• Recent income tax obligations
  • Excise taxes
  • Employment taxes
  • Customs duties
  • Taxes you were legally required to collect or withhold, such as payroll taxes

If you incur any additional back taxes after you file for chapter 13 bankruptcy, you might be able to add it to your case. This process is called a post-petition debt and allows you to pay back the amount owed as part of the repayment plan.

Nonpriority Back Taxes

Some back taxes are considered to be nonpriority and can be discharged in the bankruptcy proceeding. For example, an older income tax obligation might be dischargeable. If your back taxes is associated with a return that was filed two years or more before you filed for bankruptcy, it might be classified as nonpriority. You cannot have committed willful tax evasion or fraud for your back taxes to be considered a nonpriority debt.

Additionally, if the IRS hasn’t assessed your liability for back taxes in the 240 days prior to you filing for bankruptcy, you might not be liable to pay back the full amount. However, if you submitted an offer in compromise through the IRS back tax assistance program, that 240-day limit might be extended. When you submit an offer in compromise, the IRS will stop its efforts to collect the amount owed during the review process.

Tax Liens and Levies

The IRS can legally place a lien on your property if you owe a back taxes. If the IRS places a lien on your property, it will notify the local government in the county where the property is located, effectively informing the agency that the property is now under the IRS’s control. If you sell the property while the lien is in effect, the IRS would have first rights to the profits of the sale.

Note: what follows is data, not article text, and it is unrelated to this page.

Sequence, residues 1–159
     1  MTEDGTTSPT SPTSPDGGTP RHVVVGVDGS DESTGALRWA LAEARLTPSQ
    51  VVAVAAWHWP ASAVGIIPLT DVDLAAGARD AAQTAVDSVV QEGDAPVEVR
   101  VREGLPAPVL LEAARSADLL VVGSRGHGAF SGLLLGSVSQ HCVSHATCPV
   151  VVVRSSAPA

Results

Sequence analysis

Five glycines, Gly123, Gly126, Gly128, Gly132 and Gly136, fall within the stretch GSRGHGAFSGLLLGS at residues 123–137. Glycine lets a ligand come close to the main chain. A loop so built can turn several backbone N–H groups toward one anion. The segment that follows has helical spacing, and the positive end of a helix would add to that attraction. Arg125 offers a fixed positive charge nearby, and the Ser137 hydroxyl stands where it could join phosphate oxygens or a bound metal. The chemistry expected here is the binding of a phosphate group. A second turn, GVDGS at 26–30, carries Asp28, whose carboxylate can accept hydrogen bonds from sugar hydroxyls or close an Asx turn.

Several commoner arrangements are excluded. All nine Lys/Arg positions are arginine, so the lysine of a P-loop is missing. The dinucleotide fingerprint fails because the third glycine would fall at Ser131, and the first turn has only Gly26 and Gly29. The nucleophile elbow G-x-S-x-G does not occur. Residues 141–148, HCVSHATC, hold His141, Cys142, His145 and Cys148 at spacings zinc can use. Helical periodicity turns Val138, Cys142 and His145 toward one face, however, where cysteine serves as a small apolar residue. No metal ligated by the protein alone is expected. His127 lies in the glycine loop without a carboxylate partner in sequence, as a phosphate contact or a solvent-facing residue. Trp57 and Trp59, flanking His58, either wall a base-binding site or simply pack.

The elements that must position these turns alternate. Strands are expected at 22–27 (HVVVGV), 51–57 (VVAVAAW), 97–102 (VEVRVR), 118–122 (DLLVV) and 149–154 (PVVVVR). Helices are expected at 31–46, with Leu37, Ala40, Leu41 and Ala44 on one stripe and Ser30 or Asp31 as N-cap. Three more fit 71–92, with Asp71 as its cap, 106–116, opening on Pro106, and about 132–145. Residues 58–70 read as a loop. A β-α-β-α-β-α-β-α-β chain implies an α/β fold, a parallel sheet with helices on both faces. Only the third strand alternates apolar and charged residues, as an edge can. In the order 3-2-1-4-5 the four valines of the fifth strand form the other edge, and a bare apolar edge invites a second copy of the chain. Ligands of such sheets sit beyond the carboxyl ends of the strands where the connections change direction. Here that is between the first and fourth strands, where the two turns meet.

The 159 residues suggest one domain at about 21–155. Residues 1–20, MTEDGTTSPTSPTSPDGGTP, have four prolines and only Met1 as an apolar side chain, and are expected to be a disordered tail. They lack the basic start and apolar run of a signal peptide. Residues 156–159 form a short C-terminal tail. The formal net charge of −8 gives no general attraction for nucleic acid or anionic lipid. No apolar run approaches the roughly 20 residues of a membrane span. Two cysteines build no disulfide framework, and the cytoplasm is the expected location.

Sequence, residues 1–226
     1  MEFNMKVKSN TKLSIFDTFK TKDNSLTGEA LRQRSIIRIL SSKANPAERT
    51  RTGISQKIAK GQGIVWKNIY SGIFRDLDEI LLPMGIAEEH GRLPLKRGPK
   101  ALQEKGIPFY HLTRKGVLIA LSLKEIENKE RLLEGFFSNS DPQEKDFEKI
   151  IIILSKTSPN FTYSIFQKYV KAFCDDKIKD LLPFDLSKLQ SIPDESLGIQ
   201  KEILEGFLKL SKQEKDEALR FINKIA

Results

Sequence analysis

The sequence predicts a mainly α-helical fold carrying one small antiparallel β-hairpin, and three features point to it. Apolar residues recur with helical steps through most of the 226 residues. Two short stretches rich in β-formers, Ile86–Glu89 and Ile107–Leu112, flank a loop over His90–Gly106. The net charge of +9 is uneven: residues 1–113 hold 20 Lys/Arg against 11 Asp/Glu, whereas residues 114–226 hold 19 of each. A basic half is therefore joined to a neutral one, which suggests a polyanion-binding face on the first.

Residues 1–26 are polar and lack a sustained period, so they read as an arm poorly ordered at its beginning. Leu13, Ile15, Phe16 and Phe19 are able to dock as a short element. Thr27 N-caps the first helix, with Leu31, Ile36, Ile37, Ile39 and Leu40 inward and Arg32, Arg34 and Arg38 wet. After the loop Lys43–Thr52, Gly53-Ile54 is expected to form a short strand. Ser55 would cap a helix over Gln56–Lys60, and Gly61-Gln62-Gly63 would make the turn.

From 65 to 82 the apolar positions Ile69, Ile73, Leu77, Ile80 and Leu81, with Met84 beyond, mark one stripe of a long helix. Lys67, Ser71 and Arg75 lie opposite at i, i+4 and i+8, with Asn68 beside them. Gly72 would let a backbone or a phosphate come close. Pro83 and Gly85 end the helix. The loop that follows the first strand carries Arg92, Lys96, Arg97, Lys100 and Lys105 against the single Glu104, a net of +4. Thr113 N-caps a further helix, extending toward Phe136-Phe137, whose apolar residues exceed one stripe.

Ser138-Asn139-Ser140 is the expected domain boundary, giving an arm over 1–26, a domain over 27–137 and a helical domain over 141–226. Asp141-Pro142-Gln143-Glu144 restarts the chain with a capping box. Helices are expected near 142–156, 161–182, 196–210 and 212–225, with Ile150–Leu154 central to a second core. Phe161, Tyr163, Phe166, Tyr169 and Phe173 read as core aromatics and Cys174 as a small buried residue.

Filing for chapter 13 bankruptcy won’t eliminate a lien that has been placed on your property, even if the obligation for which the lien is in place is nonpriority. The bankruptcy will only wipe away your personal liability for the debt.

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A levy allows the IRS to take the funds from your bank account to cover your back taxes. In most cases, the IRS will only file a levy against an unresponsive taxpayer. When you are going through the process of chapter 13 bankruptcy, you will be in communication with all your debtors, including the IRS, so it is unlikely that you will face a levy.

Listing All Your Financial Obligations

As part of the bankruptcy filing process, you will have to make a list of all your debts, including any outstanding back taxes. This information will be provided to all the taxing authorities to whom you owe a debt, and those authorities have 180 days to file proof of what you owe. If any of the taxing authorities do not file claims within the 180-day period, the claim might be discharged without requiring you to pay.

If you are going through the process of chapter 13 bankruptcy, you might feel overwhelmed. At Solvable, we offer solutions that can help you get through the process and overcome your debt. Review resources and connect with back tax assistance experts to start down the path toward financial freedom.


Allison Blackham
Expert Contributor
Last Updated: